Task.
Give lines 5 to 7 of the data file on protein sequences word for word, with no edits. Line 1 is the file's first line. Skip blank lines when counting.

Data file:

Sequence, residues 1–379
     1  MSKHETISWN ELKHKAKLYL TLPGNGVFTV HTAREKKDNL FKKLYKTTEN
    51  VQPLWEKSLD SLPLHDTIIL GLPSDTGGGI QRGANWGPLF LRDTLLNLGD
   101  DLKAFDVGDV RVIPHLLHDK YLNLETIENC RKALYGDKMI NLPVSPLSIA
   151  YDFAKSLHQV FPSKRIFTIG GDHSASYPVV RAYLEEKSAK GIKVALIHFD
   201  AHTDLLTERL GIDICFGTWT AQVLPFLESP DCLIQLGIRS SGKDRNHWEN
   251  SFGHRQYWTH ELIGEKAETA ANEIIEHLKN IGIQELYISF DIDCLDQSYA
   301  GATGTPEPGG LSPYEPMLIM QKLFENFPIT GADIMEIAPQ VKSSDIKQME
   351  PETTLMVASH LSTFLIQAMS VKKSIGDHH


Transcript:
   151  YDFAKSLHQV FPSKRIFTIG GDHSASYPVV RAYLEEKSAK GIKVALIHFD
   201  AHTDLLTERL GIDICFGTWT AQVLPFLESP DCLIQLGIRS SGKDRNHWEN
   251  SFGHRQYWTH ELIGEKAETA ANEIIEHLKN IGIQELYISF DIDCLDQSYA